- William J Lewander, MD
William J Lewander, MD
- Professor of Emergency Medicine and Pediatrics
- Brown University
- Alfred Aleguas, Jr, BS Pharm, PharmD, DABAT, FAACT
Alfred Aleguas, Jr, BS Pharm, PharmD, DABAT, FAACT
- Assistant Professor of Pharmacotherapeutics and Clinical Research
- University of South Florida
- Assistant Clinical Professor of Pharmacy
- University of Florida
- Section Editor
- Michele M Burns, MD, MPH
Michele M Burns, MD, MPH
- Section Editor — Pediatric Toxicology
- Assistant Professor of Pediatrics and Emergency Medicine
- Harvard Medical School
- Deputy Editor
- James F Wiley, II, MD, MPH
James F Wiley, II, MD, MPH
- Senior Deputy Editor — UpToDate
- Deputy Editor — Adult and Pediatric Emergency Medicine
- Deputy Editor — Primary Care Sports Medicine (Adolescents and Adults)
- Clinical Professor of Pediatrics and Emergency Medicine/Traumatology
- University of Connecticut School of Medicine
This topic will discuss hydrocarbon poisoning. Inhalant abuse in children and adolescents is discussed separately. (See "Inhalant abuse in children and adolescents".)
Hydrocarbon ingestion accounts for one to two percent of non-pharmaceutical exposures in children younger than six years of age reported to United States poison control centers . Although rare, hydrocarbon aspiration may cause death secondary to respiratory failure. Hydrocarbons were implicated in almost 5 percent of all single substance fatalities in this pediatric population . Gasoline, chlorofluorocarbon propellants, motor oils, lighter fluid/naphtha, lamp oil, and mineral spirits, are the most commonly ingested substances . In young children, the ingestion typically occurs as a result of exploratory behavior. Frequently, the hydrocarbon is unsecured or improperly stored in a drinking container (eg, soda bottle). Moderate or major toxic effects are associated most commonly with ingestions of lamp oil, kerosene, lighter fluid, and/or naphtha [2,3]. Toxicity in adolescents often arises from inhalant abuse of hydrocarbons. (See "Inhalant abuse in children and adolescents".)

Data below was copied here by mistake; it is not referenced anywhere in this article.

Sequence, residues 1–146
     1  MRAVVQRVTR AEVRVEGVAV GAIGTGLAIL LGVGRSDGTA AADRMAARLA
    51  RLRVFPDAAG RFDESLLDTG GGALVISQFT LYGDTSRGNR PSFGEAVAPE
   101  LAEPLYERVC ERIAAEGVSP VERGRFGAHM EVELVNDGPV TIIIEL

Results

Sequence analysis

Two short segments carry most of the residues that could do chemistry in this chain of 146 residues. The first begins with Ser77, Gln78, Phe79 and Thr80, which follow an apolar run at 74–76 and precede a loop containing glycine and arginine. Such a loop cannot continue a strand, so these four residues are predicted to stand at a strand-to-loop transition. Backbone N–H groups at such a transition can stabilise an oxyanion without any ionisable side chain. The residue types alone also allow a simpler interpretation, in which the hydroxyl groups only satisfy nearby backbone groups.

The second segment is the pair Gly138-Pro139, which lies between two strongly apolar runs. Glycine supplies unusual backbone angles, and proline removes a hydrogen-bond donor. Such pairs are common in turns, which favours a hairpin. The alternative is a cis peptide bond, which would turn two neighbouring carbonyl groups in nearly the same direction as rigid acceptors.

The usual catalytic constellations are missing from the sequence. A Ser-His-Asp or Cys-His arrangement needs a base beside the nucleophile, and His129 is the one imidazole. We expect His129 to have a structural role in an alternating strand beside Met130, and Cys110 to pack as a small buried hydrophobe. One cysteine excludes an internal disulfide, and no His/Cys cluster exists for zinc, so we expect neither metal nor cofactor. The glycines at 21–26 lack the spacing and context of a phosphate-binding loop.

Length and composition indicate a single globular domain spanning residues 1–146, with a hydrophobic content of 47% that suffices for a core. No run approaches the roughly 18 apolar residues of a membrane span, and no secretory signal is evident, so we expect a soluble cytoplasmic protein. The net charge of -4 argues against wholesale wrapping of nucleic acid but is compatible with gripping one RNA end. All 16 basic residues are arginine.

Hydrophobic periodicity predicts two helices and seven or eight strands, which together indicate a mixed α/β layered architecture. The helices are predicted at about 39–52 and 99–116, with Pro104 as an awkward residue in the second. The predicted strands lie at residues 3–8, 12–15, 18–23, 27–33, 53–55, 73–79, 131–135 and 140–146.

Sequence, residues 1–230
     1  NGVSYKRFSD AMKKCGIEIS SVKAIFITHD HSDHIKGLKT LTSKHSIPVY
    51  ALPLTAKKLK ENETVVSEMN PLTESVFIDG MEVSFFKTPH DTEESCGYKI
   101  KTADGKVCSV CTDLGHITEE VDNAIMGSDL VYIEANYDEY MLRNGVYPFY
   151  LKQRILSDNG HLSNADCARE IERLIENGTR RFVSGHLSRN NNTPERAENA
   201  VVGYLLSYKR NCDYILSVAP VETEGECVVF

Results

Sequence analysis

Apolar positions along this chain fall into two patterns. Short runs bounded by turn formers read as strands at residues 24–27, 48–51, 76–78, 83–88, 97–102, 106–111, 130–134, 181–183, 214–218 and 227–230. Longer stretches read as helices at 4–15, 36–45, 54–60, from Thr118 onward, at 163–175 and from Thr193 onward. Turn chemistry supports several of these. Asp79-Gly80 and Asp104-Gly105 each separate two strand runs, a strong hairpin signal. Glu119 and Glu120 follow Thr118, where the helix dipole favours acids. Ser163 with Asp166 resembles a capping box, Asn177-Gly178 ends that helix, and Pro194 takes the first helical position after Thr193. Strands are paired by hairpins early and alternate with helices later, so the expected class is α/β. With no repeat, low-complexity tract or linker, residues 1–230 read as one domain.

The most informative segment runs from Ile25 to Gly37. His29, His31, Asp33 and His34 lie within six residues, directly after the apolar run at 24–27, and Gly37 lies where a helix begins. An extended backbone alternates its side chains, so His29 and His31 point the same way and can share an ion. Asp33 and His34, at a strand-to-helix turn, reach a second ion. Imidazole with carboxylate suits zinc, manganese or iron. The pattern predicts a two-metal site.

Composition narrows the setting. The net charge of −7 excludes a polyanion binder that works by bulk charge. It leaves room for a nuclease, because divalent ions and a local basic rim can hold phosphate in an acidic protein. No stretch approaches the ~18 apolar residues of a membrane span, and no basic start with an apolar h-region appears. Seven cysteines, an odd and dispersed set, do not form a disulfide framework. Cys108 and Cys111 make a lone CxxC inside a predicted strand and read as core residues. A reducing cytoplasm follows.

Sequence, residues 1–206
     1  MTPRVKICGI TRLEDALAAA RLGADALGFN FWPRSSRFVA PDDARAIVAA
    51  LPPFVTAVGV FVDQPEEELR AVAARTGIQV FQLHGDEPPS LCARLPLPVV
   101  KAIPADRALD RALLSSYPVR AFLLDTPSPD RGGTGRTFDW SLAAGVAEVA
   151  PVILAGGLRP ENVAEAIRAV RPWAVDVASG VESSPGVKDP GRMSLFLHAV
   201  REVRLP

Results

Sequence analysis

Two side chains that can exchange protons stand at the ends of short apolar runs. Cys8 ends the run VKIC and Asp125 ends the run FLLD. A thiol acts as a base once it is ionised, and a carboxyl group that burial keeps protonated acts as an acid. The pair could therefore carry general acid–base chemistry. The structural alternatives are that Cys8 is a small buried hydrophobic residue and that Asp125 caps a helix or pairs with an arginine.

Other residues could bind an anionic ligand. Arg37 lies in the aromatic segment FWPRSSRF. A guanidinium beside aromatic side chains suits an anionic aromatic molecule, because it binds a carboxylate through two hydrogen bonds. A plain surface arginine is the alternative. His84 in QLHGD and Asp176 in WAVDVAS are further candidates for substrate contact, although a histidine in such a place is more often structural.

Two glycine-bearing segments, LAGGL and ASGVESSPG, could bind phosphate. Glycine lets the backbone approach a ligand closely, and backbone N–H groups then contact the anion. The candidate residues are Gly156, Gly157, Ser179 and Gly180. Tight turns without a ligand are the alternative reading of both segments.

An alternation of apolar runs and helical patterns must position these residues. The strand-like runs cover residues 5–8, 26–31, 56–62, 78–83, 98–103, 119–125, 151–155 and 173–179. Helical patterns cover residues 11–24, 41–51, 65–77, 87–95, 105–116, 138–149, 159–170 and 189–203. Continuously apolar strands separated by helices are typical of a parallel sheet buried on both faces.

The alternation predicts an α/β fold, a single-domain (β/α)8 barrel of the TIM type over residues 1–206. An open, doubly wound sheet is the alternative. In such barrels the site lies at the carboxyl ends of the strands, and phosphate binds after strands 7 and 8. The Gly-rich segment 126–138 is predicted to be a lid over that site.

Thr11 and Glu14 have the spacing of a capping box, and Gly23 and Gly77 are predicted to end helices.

Product safety — Since 2001, the United States consumer product safety commission has required child-resistant packaging for products that have low viscosity and contain ≥10 percent hydrocarbon by weight (table 1) . In 1997, the European Union attempted to minimize lamp oil aspiration by setting standards for viscosity and surface tension, the main determinants of aspiration risk. A follow-up study in 2005 showed no effect on number or severity of hydrocarbon aspiration in the years since the directive .
CLASSES OF HYDROCARBONS
The four structural classes of hydrocarbons are:
●Aromatic hydrocarbonsTo continue reading this article, you must log in with your personal, hospital, or group practice subscription. For more information on subscription options, click below on the option that best describes you:
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- Product safety
- CLASSES OF HYDROCARBONS
- HYDROCARBON TOXICITY
- Determinants of pulmonary aspiration
- Acute systemic toxicity
- CLINICAL MANIFESTATIONS
- Initial presentation and diagnosis
- Physical findings after hydrocarbon exposure
- - Vital signs
- - Respiratory
- - Central nervous system
- - Cardiovascular
- - Gastrointestinal
- - Hematologic
- Ancillary studies
- - Radiographic findings
- DIFFERENTIAL DIAGNOSIS
- External decontamination
- Gastrointestinal decontamination
- - Systemic toxicity likely
- Pulmonary management
- ADDITIONAL RESOURCES
- SOCIETY GUIDELINE LINKS
- SUMMARY AND RECOMMENDATIONS